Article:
...a federal takeover of the union, which would have been a much harsher action. In August, he told the Free Press he wanted the union to run itself.
"We can set a goal to get [the reforms] resolved by the end of this year … by the end of 2020 we have the union in a good place with good leadership," Schneider said then. "I don’t want to run the union. My goal is to get the UAW in a position that it runs itself and that the leadership of the UAW is not corrupt."
Schneider had told the Free Press union democracy is “something I’m very interested in … as to having the members of the union pick their leadership.”
On Dec. 14, Schneider explained why he feels the issue is key.
"For over 70 years, the administrative caucus of the UAW, also known as the Reuther caucus, has controlled elections within the union. This system has added to the UAW’s problems,” Schneider said.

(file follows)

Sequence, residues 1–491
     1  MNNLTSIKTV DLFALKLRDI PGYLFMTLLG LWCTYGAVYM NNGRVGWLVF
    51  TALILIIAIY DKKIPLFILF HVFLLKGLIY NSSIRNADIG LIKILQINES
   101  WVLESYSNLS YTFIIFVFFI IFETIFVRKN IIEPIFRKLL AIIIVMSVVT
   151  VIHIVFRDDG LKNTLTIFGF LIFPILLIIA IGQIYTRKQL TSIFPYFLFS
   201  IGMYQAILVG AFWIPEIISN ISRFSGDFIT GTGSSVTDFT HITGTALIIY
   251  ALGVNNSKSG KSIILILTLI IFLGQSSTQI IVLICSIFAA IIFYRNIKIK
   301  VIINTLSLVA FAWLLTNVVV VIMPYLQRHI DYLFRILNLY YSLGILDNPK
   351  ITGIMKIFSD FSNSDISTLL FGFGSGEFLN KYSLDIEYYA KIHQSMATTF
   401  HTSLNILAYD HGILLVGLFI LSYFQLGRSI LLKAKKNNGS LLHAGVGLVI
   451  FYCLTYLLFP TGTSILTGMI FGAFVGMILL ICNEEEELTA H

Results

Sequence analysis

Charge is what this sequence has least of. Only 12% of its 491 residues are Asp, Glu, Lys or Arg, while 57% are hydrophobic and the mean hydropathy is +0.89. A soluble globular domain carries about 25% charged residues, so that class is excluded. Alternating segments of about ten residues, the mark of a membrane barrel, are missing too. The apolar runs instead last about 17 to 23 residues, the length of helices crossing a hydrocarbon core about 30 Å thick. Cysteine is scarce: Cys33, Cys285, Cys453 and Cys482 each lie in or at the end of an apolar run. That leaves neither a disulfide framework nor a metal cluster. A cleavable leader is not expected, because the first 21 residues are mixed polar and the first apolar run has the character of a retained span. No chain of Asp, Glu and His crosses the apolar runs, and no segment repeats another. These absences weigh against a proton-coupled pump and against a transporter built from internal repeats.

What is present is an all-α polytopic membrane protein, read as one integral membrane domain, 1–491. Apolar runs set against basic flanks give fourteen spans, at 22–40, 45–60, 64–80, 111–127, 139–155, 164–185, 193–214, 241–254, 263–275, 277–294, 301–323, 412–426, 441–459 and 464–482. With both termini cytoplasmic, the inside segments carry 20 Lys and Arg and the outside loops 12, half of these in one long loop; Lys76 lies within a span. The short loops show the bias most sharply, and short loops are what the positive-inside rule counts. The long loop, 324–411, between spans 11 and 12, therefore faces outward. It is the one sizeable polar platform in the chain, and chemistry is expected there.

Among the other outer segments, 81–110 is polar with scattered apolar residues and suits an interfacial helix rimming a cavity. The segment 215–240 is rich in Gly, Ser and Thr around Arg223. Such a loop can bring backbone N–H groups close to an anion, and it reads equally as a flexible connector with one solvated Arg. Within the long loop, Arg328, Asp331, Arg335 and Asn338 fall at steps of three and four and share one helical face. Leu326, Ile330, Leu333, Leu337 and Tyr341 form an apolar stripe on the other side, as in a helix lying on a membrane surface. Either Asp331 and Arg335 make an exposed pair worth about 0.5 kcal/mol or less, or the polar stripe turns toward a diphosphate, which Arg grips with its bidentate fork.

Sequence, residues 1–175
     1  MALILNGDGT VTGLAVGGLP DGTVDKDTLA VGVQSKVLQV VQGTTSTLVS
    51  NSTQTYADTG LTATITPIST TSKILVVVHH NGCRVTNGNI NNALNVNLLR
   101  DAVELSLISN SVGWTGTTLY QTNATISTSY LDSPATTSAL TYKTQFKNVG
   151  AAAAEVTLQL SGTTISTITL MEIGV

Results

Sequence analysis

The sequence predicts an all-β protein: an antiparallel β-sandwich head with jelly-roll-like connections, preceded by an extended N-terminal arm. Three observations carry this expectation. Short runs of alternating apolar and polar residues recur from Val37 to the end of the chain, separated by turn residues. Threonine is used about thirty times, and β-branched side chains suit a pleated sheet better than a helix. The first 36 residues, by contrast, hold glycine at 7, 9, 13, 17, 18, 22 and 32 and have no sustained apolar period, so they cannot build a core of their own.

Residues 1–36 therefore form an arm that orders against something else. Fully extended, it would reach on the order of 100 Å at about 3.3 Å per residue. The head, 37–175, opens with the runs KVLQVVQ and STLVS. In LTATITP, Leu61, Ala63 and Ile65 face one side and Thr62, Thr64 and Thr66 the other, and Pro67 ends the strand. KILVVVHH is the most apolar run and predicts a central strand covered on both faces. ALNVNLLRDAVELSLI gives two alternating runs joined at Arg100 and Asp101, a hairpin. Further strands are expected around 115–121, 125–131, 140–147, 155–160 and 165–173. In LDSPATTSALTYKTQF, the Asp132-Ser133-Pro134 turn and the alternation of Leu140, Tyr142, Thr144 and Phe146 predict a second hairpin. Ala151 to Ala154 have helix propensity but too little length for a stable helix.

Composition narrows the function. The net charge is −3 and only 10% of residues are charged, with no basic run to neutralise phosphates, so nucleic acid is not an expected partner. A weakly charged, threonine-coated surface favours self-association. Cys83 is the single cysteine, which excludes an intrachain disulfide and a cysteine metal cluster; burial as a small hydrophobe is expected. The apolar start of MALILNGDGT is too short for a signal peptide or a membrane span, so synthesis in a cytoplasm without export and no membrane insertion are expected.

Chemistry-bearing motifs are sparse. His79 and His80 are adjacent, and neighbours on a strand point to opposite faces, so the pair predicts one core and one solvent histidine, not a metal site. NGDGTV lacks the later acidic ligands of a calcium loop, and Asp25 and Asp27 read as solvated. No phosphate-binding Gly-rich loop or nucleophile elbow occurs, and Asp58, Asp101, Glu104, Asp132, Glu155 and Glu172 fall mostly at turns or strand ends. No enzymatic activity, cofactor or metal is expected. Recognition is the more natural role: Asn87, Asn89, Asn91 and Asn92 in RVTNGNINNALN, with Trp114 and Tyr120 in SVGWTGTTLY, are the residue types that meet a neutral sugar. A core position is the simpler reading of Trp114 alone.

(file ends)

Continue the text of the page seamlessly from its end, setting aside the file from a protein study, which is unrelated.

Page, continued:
It's an area of particular interest to union activists, who have looked to the Teamsters' experience with union democracy as a way to keep the leadership accountable. The UAW currently picks its top leaders by a delegate system at its conventions, although local leaders are selected through direct elections.
Union democracy is often described as one member, one vote, and could involve a national election if it were handled as it is at the Teamsters.
Scott Houldieson, chair of the UAW activist group Unite All Workers for Democracy, said he is cautiously pleased with what he's heard about the agreement, which he hadn't yet had a chance to review.
"I'm pleased that the authority for correcting the problems that exist with the UAW are being placed where it belongs, in the hands of the UAW," said Houldieson, an electrician at Ford's Chicago Assembly Plant and a member of UAW Local 551.
The group has been advocating for...